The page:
Tallahassee, FL (April 16, 2019) – The nonprofit Fish & Wildlife Foundation of Florida announced a grant for nearly $34,000 to the Florida Fish and Wildlife Conservation Commission (FWC) to improve sponge restoration efforts in Florida Bay.
The sponge community in the Florida Keys has been severely damaged due to recent marine cyanobacterial blooms and by being exposed to the air as water levels dropped in Florida Bay during Hurricane Irma. These sponges are foundational to the health of the Florida Keys ecosystem because they are critical habitat juvenile fish and invertebrates, like the spiny lobster and stone crab. Thus, their restoration is essential. This project will fund research to better understand the most effective restoration model to expedite region-wide recovery.
Foundation President and CEO Andrew Walker said, “This project is crucial to the health of Florida Bay and the entire Florida Keys. The sponge loss is alarming, and best practices are needed to help restore the health of the community. This work will not only benefit the Florida Bay ecosystem, but all Floridians.”
Grant funding came from the “Conserve Wildlife” specialty license plate fund managed by Foundation. The Foundation has raised and given away more than $32 million to support conservation, fishing, hunting and outdoor education for children, adolescents and adults. The Foundation recently completed a contest with Ringling College of Art & Design to redesign the plate in the hopes of increasing sales, and thus increased grant funding.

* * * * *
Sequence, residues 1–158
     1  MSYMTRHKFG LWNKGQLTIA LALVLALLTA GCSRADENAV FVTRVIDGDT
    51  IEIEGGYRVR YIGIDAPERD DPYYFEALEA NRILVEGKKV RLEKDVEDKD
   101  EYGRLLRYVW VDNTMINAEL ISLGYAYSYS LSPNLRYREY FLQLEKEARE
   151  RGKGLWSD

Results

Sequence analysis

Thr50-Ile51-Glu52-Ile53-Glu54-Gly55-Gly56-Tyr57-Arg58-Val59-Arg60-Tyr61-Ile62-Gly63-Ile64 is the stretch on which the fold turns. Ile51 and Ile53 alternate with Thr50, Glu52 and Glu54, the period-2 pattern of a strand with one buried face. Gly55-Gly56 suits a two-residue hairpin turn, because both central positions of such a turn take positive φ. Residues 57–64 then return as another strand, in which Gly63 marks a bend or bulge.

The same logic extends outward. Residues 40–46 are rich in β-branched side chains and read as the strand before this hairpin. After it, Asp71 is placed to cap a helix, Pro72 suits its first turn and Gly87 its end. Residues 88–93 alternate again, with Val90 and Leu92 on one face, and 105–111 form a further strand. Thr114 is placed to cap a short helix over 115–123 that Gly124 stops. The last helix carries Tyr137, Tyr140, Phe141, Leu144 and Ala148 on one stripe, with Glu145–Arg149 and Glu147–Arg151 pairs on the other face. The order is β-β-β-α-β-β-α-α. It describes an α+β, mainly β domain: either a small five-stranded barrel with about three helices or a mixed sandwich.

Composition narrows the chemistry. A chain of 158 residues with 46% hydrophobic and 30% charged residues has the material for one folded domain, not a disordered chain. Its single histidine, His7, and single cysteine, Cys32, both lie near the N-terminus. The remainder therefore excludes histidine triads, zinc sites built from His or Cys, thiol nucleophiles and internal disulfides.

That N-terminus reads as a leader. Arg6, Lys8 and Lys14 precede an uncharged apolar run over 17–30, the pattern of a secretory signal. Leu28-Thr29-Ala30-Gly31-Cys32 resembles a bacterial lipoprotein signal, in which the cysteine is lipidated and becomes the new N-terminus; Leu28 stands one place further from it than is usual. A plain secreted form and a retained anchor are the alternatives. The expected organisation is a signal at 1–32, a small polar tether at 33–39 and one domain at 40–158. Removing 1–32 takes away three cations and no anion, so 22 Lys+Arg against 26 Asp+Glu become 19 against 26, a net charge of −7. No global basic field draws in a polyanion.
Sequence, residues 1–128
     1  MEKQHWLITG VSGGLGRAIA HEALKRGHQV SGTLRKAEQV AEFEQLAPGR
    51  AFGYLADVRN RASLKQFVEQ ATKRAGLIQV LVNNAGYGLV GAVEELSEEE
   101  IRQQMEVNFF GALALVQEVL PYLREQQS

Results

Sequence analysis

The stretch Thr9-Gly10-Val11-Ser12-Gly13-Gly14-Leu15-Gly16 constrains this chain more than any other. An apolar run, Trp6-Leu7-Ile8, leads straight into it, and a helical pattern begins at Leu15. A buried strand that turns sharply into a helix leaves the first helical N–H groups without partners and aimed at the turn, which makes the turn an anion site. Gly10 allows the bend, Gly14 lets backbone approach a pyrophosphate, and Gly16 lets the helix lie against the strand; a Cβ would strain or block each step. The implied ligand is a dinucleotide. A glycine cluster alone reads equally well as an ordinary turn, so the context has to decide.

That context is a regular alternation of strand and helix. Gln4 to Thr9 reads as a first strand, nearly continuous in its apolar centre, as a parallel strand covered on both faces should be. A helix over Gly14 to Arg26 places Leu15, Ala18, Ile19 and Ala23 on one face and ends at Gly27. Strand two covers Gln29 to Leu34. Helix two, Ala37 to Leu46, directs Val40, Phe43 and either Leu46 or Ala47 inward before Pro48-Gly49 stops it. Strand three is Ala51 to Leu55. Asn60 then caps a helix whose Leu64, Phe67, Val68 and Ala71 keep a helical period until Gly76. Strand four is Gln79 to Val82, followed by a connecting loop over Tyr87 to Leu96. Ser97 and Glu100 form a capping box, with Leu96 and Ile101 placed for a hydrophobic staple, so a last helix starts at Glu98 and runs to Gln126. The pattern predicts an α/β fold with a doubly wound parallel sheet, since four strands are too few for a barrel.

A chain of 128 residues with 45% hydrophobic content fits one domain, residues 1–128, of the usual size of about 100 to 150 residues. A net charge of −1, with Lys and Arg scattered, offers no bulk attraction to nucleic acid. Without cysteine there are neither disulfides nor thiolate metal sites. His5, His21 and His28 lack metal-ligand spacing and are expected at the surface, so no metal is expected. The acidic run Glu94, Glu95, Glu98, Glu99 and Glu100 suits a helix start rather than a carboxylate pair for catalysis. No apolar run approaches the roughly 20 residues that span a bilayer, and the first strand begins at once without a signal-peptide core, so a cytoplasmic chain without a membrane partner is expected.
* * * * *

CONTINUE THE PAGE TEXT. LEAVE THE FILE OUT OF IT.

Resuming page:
About the Fish & Wildlife Foundation of Florida
The Fish & Wildlife Foundation of Florida is a nonprofit organization dedicated to supporting the Florida Fish and Wildlife Conservation Commission (FWC) and other public and private partners to conserve Florida’s native animals and plants and the lands and waters they need to survive. Since its founding in 1994, the Foundation has raised and donated more than $32 million to conservation and outdoor recreation and education. More information can be found at wildlifeflorida.org.